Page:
Still in the Quadros (2008) model, there is the resource mobilization stage, which defines where each resource will be used. The next step, the implementation, is the main stage of the innovation process, because all the variables analyzed so far come together to create the product. Finally, as a last step, there is the evaluation, which aims to monitor the entire innovation management process.

Along with the innovation management process, some challenges emerge to be overcome within the context of organizations so that continuous innovation can be established (Stefanovitz, & Nagano, 2014), such as the difficulty to coordinate the various areas inherent in the project, the lack of information about the market and the new product, the difficulty in dealing with uncertainty and risk, and restricted and / or non-uncertain management processes such as a characteristic of innovation.

However, regarding the fourth stage of innovation management, regarding resource mobilization, it is necessary to have the financial dimension of the project to be invested. In this sense, a good practice to mitigate these risks and uncertainties inherent in innovative processes and products is to conduct studies in the previous phases (prospecting and ideation) to obtain important information about their characteristics and meet them with the minimum requirements set by the market and organizations so that their marketing is viable (Bordeaux-Rego, 2015). In the next item, a review about the EVEF (Gomes et al., 2018) will be addressed to explain its peculiarities.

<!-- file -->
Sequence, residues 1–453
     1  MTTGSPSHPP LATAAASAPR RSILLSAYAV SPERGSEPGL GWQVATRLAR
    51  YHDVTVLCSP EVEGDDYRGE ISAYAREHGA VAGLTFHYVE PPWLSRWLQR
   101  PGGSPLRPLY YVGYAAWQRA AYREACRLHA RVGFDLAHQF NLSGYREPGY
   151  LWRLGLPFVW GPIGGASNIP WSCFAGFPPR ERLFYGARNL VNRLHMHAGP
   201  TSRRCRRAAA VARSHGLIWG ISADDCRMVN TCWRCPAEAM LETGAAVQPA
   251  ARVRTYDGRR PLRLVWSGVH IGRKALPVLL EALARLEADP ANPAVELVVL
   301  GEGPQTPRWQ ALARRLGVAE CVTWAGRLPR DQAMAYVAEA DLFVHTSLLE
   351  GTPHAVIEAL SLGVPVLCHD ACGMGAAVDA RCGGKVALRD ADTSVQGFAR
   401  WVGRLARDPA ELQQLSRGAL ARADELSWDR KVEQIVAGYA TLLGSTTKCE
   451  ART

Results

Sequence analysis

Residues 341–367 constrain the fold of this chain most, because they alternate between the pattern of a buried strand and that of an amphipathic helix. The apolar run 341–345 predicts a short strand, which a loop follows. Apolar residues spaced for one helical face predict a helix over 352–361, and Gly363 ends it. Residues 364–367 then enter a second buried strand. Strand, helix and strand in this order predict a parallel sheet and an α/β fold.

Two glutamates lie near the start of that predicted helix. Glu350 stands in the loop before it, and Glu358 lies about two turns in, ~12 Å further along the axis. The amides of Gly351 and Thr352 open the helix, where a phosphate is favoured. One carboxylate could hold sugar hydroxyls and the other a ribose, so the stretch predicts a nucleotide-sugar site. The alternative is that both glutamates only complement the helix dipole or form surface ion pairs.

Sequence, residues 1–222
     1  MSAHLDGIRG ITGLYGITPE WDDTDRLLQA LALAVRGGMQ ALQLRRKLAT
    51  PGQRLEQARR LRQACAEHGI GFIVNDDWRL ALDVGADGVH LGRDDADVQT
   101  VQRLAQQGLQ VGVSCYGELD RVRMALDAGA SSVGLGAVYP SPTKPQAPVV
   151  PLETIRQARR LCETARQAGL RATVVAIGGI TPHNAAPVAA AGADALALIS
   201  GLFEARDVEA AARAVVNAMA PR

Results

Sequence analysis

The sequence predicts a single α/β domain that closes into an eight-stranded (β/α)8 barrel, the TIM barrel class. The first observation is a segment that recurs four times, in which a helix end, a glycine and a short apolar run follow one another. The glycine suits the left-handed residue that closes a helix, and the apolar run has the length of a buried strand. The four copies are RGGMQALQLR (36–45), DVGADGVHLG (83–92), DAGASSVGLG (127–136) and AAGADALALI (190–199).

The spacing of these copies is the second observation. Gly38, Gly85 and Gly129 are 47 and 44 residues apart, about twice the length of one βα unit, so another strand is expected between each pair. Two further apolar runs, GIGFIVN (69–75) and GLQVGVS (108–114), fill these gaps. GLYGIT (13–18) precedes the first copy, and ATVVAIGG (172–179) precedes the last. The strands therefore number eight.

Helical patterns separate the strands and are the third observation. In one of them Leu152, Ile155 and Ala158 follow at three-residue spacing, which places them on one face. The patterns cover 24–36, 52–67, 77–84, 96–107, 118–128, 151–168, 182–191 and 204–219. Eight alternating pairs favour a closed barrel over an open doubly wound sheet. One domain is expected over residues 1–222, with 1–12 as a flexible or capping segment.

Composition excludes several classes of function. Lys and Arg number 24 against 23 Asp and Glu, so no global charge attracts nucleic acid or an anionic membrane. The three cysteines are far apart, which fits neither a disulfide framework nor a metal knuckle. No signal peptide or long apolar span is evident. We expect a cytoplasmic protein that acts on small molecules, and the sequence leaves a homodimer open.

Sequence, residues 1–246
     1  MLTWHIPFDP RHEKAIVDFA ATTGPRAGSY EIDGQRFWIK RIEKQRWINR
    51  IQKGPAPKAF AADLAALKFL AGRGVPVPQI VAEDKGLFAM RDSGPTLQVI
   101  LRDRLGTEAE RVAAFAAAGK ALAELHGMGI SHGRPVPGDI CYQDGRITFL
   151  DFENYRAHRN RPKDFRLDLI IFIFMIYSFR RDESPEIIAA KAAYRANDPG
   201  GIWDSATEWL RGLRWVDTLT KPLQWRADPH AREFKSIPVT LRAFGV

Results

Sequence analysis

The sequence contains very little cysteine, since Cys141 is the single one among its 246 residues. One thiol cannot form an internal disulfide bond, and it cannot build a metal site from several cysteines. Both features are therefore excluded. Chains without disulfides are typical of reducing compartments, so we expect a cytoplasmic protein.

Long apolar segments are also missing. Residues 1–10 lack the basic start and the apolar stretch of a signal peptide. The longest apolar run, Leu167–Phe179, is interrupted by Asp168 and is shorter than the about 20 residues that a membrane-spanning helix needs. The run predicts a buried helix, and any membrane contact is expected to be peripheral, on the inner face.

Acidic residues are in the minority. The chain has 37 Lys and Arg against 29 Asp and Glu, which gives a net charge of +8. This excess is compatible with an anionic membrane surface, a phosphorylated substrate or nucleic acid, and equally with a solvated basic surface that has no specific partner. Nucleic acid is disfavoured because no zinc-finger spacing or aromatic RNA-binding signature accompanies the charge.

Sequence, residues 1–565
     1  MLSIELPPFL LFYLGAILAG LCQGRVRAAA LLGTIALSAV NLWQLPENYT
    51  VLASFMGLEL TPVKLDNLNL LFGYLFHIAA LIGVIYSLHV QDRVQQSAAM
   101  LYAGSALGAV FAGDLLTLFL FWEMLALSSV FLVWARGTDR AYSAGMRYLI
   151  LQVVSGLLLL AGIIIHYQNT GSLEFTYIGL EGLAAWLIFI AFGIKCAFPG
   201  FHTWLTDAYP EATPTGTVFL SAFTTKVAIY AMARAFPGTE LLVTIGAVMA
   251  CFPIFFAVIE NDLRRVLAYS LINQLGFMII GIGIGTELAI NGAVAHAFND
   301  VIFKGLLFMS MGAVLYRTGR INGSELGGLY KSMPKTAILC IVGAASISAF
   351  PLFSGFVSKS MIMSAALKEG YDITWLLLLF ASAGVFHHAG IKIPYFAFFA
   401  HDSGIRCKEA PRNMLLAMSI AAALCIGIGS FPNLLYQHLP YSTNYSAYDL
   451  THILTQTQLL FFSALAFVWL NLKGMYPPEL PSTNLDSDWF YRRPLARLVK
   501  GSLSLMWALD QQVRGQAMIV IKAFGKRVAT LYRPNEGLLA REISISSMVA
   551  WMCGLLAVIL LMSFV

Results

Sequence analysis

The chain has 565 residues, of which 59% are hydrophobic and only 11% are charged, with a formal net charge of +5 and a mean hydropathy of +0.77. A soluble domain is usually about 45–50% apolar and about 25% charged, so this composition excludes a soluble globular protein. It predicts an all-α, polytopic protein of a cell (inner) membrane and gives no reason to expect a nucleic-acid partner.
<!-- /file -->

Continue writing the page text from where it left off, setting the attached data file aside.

2.2 Economic and financial feasibility study